How a Snorkel is Made

I took some shots while at the Airflow snorkel factory of the process of making one of their snorkels. I was there as was helping fellow Jeep owners out by perfecting the petrol snorkel for XJ Cherokee and also found another snorkel that could be used for a diesel version for the opposite guard that I made the cut and drill template etc for. Click on any of these photos for a larger view.


Here you can see one half of the mould open with the granules poured in. They weigh the exact amount of polyethylene granules needed for each mould according to the total surface area of it. The material for the snorkel is from the highest grade Virgin Polyethylene Plastic and is fully formulated for long term UV resistance. Enough is added that when melted it ends up around 4 mm thick. The second photo shows the other half of the mould with the flared mounted nuts in position and upside down to the usual. This is so when the flared part is not on the outside of the snorkel but on the inside so it has a greater resistance to being pulled through.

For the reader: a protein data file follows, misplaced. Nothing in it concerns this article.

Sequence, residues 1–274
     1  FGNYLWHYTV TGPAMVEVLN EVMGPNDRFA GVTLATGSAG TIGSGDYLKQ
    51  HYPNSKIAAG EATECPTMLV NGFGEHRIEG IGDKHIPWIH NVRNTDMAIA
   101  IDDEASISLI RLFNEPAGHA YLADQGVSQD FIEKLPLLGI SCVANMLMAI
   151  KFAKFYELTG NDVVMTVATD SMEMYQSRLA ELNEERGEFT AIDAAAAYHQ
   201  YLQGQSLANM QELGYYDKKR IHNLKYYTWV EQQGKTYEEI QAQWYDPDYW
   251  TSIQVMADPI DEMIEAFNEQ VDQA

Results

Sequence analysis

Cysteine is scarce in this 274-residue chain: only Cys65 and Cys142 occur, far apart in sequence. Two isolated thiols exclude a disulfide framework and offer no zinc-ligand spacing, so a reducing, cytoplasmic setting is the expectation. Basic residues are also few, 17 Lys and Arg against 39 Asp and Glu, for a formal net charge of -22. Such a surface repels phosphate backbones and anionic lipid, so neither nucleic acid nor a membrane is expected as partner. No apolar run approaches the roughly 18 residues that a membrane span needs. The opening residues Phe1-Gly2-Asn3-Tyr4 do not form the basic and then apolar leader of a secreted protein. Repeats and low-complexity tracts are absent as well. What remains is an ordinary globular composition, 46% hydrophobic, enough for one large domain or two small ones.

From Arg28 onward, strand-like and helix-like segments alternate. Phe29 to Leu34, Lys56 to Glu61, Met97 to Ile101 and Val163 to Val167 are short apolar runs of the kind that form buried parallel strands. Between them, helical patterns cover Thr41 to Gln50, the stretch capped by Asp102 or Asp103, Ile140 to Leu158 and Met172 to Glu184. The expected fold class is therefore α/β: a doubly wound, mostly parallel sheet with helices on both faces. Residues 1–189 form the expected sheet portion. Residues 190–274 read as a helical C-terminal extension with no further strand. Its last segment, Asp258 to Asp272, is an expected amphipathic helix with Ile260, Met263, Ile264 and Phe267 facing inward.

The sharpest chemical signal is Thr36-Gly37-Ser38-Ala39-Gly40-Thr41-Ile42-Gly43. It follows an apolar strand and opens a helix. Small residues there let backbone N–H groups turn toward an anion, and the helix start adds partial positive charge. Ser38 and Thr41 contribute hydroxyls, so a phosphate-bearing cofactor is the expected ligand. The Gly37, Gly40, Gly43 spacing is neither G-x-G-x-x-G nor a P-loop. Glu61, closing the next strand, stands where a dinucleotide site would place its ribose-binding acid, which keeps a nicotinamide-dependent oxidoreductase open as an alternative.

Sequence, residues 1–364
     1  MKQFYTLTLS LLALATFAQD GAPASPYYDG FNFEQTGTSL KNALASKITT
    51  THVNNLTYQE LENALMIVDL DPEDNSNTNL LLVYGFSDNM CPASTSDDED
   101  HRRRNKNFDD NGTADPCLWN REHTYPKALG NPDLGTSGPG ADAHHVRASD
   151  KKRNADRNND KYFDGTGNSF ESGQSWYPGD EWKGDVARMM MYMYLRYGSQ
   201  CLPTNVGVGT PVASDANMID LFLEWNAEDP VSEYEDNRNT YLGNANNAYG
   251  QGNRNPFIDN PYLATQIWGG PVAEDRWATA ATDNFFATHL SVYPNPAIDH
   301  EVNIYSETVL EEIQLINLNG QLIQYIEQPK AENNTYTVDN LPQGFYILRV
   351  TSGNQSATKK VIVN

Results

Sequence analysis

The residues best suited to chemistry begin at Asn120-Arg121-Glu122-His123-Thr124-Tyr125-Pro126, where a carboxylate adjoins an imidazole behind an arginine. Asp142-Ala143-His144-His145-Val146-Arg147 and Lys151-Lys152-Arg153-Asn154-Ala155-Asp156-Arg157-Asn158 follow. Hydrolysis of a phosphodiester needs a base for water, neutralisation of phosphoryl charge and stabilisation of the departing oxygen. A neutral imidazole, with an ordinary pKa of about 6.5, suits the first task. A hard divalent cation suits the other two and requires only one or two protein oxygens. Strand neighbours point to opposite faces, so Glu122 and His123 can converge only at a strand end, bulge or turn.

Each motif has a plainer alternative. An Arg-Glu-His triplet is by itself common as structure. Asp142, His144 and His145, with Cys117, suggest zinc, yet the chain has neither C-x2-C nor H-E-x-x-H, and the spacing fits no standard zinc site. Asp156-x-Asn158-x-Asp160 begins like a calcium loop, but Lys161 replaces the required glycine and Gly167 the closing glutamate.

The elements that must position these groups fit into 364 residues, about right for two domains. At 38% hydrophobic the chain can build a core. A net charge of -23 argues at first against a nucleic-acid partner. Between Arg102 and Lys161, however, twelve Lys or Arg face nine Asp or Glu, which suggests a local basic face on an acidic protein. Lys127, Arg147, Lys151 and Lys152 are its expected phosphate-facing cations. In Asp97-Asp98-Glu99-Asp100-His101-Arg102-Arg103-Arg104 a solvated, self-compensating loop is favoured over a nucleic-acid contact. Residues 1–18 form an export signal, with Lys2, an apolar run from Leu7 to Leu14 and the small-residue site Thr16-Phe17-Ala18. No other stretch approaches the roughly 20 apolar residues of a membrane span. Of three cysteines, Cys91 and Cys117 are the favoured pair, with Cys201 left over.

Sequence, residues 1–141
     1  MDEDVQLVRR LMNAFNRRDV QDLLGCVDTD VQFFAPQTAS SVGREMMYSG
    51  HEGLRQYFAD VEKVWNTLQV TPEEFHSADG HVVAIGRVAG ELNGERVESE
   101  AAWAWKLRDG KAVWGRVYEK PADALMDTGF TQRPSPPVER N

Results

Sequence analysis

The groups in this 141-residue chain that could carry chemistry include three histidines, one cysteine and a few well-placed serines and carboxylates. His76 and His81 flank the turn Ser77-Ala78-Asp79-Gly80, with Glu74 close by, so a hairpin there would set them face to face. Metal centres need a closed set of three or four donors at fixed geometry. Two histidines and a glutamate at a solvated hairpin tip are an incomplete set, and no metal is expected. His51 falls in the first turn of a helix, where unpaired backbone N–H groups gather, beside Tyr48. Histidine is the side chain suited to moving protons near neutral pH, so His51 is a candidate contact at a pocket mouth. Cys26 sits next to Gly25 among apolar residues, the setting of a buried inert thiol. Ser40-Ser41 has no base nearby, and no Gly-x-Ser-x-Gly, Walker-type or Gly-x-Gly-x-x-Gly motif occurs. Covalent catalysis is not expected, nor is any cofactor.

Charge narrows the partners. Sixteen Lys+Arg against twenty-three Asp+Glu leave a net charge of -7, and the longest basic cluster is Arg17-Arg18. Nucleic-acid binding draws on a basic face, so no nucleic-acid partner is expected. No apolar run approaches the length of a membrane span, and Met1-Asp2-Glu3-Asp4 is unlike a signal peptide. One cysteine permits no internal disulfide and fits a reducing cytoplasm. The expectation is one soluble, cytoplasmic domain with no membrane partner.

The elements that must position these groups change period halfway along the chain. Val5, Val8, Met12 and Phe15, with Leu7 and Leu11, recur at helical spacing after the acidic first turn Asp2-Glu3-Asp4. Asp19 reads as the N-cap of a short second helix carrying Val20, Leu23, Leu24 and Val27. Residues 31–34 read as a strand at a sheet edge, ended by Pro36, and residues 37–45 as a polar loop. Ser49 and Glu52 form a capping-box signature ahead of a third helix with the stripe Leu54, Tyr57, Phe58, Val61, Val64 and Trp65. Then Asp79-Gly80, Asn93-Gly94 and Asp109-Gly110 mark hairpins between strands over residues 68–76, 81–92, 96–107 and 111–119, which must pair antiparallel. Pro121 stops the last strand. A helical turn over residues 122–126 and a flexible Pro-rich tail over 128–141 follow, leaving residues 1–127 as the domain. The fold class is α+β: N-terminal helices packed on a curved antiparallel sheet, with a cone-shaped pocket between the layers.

The mould is then clamped together and is heated in this rotisserie. It is all computerized just how long and fast it must rotate.


It doesn't just rotate all the time or even in the one plane. The whole frame also tilts in both directions to make sure the melted plastic is covering the whole mould and evenly building up. It will pause at times and change direction as well. In the right photo you can see that this one can take other moulds at the same time which in this case include the snorkel heads and elbows etc.


Above you can see snorkel heads and elbows etc that have freshly come out of the moulds. The photo shows a crate full of snorkel heads! Hope you found it as interesting as I did being there.